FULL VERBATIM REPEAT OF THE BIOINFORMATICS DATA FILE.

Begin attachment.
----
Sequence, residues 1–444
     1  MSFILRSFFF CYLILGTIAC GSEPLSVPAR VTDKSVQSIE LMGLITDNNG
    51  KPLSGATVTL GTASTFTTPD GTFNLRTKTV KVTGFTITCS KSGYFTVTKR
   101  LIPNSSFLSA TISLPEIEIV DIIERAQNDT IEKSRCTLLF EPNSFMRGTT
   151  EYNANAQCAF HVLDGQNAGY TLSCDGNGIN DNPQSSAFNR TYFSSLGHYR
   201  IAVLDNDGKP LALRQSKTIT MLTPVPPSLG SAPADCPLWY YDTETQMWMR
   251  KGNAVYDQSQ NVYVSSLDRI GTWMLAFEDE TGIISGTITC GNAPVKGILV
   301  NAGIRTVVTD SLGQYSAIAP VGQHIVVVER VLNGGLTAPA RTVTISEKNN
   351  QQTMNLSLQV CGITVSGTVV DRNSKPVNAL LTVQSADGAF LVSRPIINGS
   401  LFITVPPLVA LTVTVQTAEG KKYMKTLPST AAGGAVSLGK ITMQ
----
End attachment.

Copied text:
Sequence, residues 1–444
     1  MSFILRSFFF CYLILGTIAC GSEPLSVPAR VTDKSVQSIE LMGLITDNNG
    51  KPLSGATVTL GTASTFTTPD GTFNLRTKTV KVTGFTITCS KSGYFTVTKR
   101  LIPNSSFLSA TISLPEIEIV DIIERAQNDT IEKSRCTLLF EPNSFMRGTT
   151  EYNANAQCAF HVLDGQNAGY TLSCDGNGIN DNPQSSAFNR TYFSSLGHYR
   201  IAVLDNDGKP LALRQSKTIT MLTPVPPSLG SAPADCPLWY YDTETQMWMR
   251  KGNAVYDQSQ NVYVSSLDRI GTWMLAFEDE TGIISGTITC GNAPVKGILV
   301  NAGIRTVVTD SLGQYSAIAP VGQHIVVVER VLNGGLTAPA RTVTISEKNN
   351  QQTMNLSLQV CGITVSGTVV DRNSKPVNAL LTVQSADGAF LVSRPIINGS
   401  LFITVPPLVA LTVTVQTAEG KKYMKTLPST AAGGAVSLGK ITMQ